Looking to communities

The research project to develop community-based tours, which is being spearheaded by Mrinalini Shrivastava & The Temi Tourism Committee will provide the basis for developing a strategy or policy document on the Introduction of Community-Based Tourism for the Temi and may even serve as a template for other destinations.
Mrinalini is striving to develop the project in five stages. We started with the development of itineraries and maps together with local councils, local businesses, and the local community. These itineraries list those places of interest in any locality (town or village) that have socio-cultural value as well as a living history. These itineraries serve as a guide for visitors who would like to learn more about the locality, but are also a vehicle through which the local community can develop a sense of awareness and belonging, a vital element in the creation of a sustainable and authentic visitor experience. She has an infectious smile when she proclaims the same with elan laced with conviction.

The next stage involves the development of community-based tours, activities where the visitor has the opportunity to meet the locals rather than simply looking at the places they inhabit. This whole process will mirror the development of the itineraries and maps, turning it into a collaborative effort that meets the needs of all involved.

At the next stage, the community-based tour will undergo a marketing process that is unique. Rather than looking at promoting this tour for groups, it should offer an opportunity for one-to-one personalised hospitality and service. Besides an online presence, there also needs to be hospitality meetings with potential visitors who prefer this more individual experience.

The final stage consists of a continuous study to monitor the progress of the community-based tour and itineraries. The monitoring should be used to tweak and perfect the original project.

Temi Tourism that works

This shift is a challenge. Financial means are another hurdle as are the differing aims of organisations. However, consistent and continuous commitment by all the key stakeholders through dialogue, trust, and synergy combined with rigorous planning and implementation of a long-term plan that satisfies the needs of all involved is the only way towards an integrated, holistic, and inclusive tourism strategy. It needs to be sustainable and responsible to offer the quality destination the Maltese Islands deserve.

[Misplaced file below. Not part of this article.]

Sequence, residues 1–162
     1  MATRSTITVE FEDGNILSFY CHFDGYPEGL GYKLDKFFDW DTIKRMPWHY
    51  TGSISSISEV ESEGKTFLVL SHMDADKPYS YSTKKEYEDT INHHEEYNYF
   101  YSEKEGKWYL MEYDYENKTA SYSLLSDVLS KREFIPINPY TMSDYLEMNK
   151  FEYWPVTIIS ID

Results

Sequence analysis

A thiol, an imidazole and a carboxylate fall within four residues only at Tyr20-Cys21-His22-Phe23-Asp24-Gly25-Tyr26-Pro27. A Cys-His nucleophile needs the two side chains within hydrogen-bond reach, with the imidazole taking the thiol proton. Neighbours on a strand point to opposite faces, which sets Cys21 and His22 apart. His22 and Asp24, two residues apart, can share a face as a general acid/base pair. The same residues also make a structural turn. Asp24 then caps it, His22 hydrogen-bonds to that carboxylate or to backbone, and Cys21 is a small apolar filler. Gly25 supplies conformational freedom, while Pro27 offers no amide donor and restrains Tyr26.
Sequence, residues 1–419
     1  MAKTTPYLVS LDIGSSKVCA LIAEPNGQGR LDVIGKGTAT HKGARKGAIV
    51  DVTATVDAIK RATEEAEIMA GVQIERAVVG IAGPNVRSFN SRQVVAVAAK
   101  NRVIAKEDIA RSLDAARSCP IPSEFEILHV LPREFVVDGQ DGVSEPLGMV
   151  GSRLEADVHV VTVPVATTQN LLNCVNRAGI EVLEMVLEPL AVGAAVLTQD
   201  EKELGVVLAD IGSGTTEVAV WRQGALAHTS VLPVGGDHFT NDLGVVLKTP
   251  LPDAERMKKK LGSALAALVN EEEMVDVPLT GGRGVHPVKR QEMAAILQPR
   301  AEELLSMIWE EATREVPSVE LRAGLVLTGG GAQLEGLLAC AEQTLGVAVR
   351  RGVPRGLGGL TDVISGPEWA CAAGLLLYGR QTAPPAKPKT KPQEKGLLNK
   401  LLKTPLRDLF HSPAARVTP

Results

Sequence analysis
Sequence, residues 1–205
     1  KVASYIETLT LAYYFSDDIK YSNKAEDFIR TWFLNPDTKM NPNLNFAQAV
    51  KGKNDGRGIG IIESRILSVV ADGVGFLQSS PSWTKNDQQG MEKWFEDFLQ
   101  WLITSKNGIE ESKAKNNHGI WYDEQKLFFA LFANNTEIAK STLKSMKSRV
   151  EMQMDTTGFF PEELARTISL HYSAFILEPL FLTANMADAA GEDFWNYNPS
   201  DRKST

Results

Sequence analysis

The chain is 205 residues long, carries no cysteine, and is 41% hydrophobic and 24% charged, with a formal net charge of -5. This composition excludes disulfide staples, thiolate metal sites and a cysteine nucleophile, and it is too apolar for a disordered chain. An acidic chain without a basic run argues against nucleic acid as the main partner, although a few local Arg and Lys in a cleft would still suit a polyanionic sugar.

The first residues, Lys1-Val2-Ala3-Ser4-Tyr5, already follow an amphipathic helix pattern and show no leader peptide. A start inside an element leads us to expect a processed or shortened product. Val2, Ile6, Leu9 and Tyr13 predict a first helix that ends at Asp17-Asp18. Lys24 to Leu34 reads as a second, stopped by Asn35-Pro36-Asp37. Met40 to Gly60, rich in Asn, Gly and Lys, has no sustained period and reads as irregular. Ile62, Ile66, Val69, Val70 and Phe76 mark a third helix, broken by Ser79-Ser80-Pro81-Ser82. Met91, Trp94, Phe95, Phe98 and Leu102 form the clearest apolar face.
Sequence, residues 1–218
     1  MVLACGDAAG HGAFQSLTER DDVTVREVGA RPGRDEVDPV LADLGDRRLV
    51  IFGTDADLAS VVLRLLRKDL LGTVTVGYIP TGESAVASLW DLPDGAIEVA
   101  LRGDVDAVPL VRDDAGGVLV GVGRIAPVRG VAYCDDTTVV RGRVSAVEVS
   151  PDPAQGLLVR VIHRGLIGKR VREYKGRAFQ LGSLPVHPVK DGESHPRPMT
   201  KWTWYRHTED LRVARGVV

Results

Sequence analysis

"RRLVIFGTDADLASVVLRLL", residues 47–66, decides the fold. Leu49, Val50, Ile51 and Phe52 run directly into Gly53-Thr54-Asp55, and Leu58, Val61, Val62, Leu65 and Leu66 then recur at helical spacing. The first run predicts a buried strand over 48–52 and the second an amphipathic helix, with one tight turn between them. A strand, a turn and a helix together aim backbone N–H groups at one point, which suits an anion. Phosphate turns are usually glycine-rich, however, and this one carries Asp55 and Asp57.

In addition to above, keeping the profile of an average visitor in perspective, the MD further proposes to create tourism activities to create additional attractions using the nature and creative investments.

A few additional projects proposed are as follows-

  • Short & Long Trekks: identify eco-tourism/high-terrain trails that will attract the young visitors interested in trekking. Lots of visitors come to Sikkim Himalayas for high terrain trekking experience. Identified Trekks need to be promoted globally as well as in the domestic market. For Trekks longer than a day facilities for camping, storing and porter services to be created, besides organizing trained guides. – Implementation: Short Trekks – Immediate | Long Trekks – Intermediate.
  • Adventure Sports: create facilities for Zip Lines, Biking, Para Gliding, Pony Ride, and similar adventure sports.
    • Mountain biking facilities can be created within the garden perimeters after careful survey of the locale and without impacting the organic nature of its operations. – Implementation: Immediate
    • Pony Rides are also easy to start with low investments using the Garden paths. – Implementation: Immediate
    • However, Zip Lines or Para Gliding facilities can be created only after proper survey of locations. – Implementation: Survey – Immediate | Execution – Intermediate
  • Day Trips: Create linkages to nearby interests – Rabang / Namchi using the local taxi and tour operators.

To operationalize these projects, it is essential that detailed plans are made immediately for the following

  • Creating a coordination agency that will synchronize all the stake holders like local taxi operators, tour operators and the facilities operators
  • Arrange for short duration training for all the operators using the State Institutions with specially designed short skill development courses

She signs of with her signature anthem

“Thoughts are your own motivations – keep them a fillip – Temi & tourism will go a long way”